How the building site affects a home’s design. Foundation types and how they benefit a home. Details to properly develop your site plan for your enjoyment and building permits. What is a grading and drainage plan?
Interviewer: Hello everyone and welcome to the Panelized Prefab Kit Home Building Show. With me today as he is always is the President and Founder of Landmark Home and Land Company, the company which has been helping people build their new homes where they want exactly as they want across the nation and worldwide since 1993 and that would be Steve Tuma. Steve, how are you doing today?
Steve Landmark: It’s another great day.
Steve Landmark: We have more projects and it’s kind of fun talking about these different details. You know, taking our experience from 25 years or more and trying to help people out, to give them ideas so that they can sort out planning their home.
Interviewer: Right. You guys seem pretty busy. I mean it just seems like your building schedule is helping people design and build their homes. It takes up a lot of your time. So we’re glad you found time to be here.
Steve Landmark: Well, we have fun doing it and I think that’s the key point is actually enjoying what you do and taking pride and helping our customers because it’s a – it’s kind of fun. You know, everyone’s project is different. Someone might say, well, it’s a 1500-square-foot, three-bedroom, two-bath home. But where it is or how it is or the type of people that are building it, it really makes it completely different. That’s what we’re able to do is take the time to make sure the house makes sense for the customer.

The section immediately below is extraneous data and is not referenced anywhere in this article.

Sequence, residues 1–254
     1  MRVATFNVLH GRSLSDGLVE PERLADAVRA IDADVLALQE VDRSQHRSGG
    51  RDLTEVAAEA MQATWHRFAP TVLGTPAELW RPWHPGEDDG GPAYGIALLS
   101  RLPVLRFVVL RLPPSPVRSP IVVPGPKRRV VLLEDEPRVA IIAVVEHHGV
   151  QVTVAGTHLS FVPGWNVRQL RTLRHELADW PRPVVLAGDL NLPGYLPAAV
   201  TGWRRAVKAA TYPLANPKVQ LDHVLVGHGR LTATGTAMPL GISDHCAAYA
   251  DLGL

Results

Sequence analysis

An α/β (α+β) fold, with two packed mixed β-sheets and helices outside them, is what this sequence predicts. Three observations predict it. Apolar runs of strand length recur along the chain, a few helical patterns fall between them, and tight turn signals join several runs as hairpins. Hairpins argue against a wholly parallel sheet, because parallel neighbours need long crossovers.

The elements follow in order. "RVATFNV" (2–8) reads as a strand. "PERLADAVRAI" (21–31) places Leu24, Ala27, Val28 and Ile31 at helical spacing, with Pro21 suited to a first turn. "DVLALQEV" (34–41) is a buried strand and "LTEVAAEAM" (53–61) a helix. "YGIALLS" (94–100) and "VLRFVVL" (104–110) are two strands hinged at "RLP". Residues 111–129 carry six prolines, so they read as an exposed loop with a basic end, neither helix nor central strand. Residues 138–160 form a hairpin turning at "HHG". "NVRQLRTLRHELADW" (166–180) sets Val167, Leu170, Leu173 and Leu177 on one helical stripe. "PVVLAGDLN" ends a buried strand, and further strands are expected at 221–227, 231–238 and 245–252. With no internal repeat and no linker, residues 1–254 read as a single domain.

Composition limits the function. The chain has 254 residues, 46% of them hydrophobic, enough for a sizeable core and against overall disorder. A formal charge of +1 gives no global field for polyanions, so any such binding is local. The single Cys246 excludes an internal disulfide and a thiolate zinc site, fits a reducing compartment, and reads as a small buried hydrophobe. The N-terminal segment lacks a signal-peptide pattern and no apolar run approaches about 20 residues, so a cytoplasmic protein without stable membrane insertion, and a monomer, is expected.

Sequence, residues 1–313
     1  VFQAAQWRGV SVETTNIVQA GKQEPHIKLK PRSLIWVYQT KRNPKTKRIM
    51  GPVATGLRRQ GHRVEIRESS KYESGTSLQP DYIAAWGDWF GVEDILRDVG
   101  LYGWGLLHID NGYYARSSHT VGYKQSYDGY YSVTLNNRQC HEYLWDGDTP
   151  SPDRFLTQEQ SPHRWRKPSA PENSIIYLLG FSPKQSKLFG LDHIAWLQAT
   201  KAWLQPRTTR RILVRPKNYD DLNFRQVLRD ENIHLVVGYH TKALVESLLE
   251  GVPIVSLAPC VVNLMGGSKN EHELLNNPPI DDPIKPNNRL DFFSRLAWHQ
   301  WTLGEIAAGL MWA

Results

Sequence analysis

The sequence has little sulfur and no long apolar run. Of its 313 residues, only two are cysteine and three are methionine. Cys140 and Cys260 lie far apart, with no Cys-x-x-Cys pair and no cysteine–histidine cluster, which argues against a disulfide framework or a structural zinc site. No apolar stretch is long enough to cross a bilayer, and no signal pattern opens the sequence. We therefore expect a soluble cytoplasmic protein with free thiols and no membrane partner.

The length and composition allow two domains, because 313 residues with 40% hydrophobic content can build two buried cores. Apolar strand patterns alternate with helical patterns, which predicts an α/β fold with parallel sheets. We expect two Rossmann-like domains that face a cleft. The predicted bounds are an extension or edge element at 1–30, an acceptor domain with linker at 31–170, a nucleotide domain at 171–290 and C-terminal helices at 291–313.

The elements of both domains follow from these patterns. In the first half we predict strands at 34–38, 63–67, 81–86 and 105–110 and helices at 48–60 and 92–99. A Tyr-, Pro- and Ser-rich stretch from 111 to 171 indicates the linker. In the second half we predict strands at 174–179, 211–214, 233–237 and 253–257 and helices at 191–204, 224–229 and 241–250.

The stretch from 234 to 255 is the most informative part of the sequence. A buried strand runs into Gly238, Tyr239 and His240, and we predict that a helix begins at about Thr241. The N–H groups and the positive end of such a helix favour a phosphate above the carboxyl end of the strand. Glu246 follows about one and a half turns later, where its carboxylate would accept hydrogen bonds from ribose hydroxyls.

Interviewer: Yeah. I thought today we might talk about something we’ve touched on in the past but we haven’t really gotten heavy into and that’s foundation type, the actual foundation of your new home and fitting it to the land, you go and buy a piece of land and not every bit of land is going to fit every house design.
So if you don’t mind, let’s touch on that a little bit. Why is knowing the site important to home design? You know, sloped lands, city lots, big acreage. How well should you know your site before you design?
Steve Landmark: Well, it’s kind of important because say if you’re on the side of the hill. That could affect your driveway. It could give you the ability to have a walk-out basement. It might give you a better view. It might restrict septic if you’re in a rural area.
If you’re in a city lot, generally they’re limited in size. Sometimes 30 feet by 100, sometimes 50 by 100, sometimes 100 by 100. So the house you could fit on there within setbacks and how do you get everything on there.
So just the slope of the land. It’s something to consider. Is it flat? Is it on the side of the hill? Is it off a cliff? How big of a space do you have to build on? Sometimes – you brought up acreage. Someone could have 20 acres but there are two or three better spots to build. You don’t want to build in drainage ditches. You want to build in places where the septic or water and sewer connections make sense and utility connections can make sense and sometimes it’s just something where people enjoy the view and they want to take advantage of a certain situation that the land offers naturally.